WEDNESDAY, Feb. 2 (HealthDay News) -- Scientists say they have
devised a process to create ready-made, easily stored blood vessels
that may potentially be used for patients undergoing heart surgery
or kidney dialysis.
Using donor tissue cultured on biodegradable tube-shaped frames
called scaffolds, researchers spent more than five years
engineering the "off-the-shelf" blood vessels, which cannot be
rejected by patients' immune systems and are resistant to infection
or clotting. The bioengineered vessels can be refrigerated
long-term in a saline solution.
The study was conducted in baboons and dogs by scientists from
Duke, East Carolina and Yale universities, along with Humacyte
Inc., a private company based in Durham, N.C. that develops
products for vascular disease and soft-tissue repair.
"We're very encouraged by the results," said study author Shannon Dahl, who is co-founder and director of scientific operations at Humacyte. "This type of technology has the potential to help more than 500,000 patients each year. The next step is to lay the groundwork . . . that can bring this to the clinic."
While engineered blood vessels can be grown using patients' own
cells, the process can take nine months or longer, making it
unfeasible for those needing more immediate heart bypass surgery,
which is performed in the United States about 400,000 times each
year. Doctors can also graft veins from other body areas,
particularly the legs, but the ready-made vessels can help those
whose veins are unsuitable, Dahl said.
Additionally, the bioengineered veins can be made in sizes large
enough to use in kidney dialysis patients, half of whom lack the
healthy vessels needed for bloodstream access to dialysis machines
and receive grafts made of infection- and obstruction-prone
synthetic material, according to the study, reported in the Feb. 2
Science Translational Medicine.
According to the National Kidney Foundation, about 320,000
Americans depend on regular dialysis treatments to remove waste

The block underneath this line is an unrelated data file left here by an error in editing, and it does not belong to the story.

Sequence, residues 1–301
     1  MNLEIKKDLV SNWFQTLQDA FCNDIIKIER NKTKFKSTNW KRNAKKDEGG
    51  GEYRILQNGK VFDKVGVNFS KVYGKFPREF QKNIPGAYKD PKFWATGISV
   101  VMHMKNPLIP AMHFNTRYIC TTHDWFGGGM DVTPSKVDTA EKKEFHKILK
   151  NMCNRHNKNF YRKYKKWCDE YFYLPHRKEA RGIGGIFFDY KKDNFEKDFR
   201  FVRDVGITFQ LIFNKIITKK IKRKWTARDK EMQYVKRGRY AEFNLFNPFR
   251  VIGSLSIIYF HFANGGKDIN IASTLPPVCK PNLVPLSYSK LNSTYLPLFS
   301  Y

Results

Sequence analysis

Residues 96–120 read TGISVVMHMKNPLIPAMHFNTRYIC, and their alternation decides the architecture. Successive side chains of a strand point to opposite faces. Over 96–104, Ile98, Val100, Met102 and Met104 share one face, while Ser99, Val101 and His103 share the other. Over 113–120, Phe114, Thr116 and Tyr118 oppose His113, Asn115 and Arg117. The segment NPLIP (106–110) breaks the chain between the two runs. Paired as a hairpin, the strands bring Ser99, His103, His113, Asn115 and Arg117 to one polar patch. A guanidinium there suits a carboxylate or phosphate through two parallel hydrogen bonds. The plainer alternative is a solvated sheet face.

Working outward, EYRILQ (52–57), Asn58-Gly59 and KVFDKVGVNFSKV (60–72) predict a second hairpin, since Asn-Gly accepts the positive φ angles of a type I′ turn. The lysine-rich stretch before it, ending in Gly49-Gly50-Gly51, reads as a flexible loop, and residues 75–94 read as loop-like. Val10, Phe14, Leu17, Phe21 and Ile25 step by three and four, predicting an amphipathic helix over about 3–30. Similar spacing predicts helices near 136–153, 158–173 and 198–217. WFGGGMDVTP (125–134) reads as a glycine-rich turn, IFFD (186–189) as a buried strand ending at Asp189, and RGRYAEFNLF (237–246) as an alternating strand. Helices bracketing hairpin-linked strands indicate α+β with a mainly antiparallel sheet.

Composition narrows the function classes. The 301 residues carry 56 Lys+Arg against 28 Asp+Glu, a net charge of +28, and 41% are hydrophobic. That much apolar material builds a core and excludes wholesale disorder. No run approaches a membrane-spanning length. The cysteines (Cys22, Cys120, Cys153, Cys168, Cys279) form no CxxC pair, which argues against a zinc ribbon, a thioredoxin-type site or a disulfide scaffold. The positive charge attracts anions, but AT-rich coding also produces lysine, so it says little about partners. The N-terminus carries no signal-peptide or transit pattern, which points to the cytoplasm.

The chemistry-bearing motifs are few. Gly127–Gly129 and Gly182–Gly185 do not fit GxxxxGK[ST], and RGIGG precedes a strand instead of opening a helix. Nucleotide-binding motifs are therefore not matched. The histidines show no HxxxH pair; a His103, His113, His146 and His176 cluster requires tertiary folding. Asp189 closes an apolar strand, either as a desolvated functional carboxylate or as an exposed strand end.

products from their blood because of kidney failure.
"I think this is a very nice example of translating a scientific advance into a clinical application in an area in which we have a very large patient population," said Gordana Vunjak-Novakovic, a professor of biomedical engineering at Columbia University in New York City and director of its Laboratory for Stem Cells and Tissue Engineering.
"What they offer now is essentially making a piece of native vessel without adverse effects on the patient," Vunjak-Novakovic said. "It's almost like a medical device, providing a really native-looking and native-functioning vessel."
Dahl and her team produced 37 vascular grafts using smooth
muscle cells of 19 human donors. Once the blood vessels were fully
formed, detergent was used to strip the muscle cells away, ensuring
they would not cause an immune response in transplant
The vessels were then implanted in baboons and dogs during
coronary artery and carotid artery bypass surgeries, where they
experienced low rates of complications and became similar to the
animals' natural arteries over several months. When the vessels
were removed for examination, there was no evidence of fibrosis or
thickening of the vessel walls.
Dahl said the ability to create large supplies of ready-made
vessels from a cell bank will someday lead to lower production
costs for each vein segment. She said she could not speculate on
what those costs might be, however, or when the veins will be
tested in humans.
"But the approach we're using is quite unique," Dahl said. "We use large banks of cells, where many approaches to tissue engineering are focused on one patient at a time. So, the approach we use offers an economy of scale."
Vunjak-Novakovic said she believes it might be only several
years before the vessels could be available to patients.
"Now they need to do the next step -- study them in humans," she said. "But I don't think any major, critical problems are left. It's very promising."
For more about tissue engineering, visit the
National Institute of Standards and Technology.
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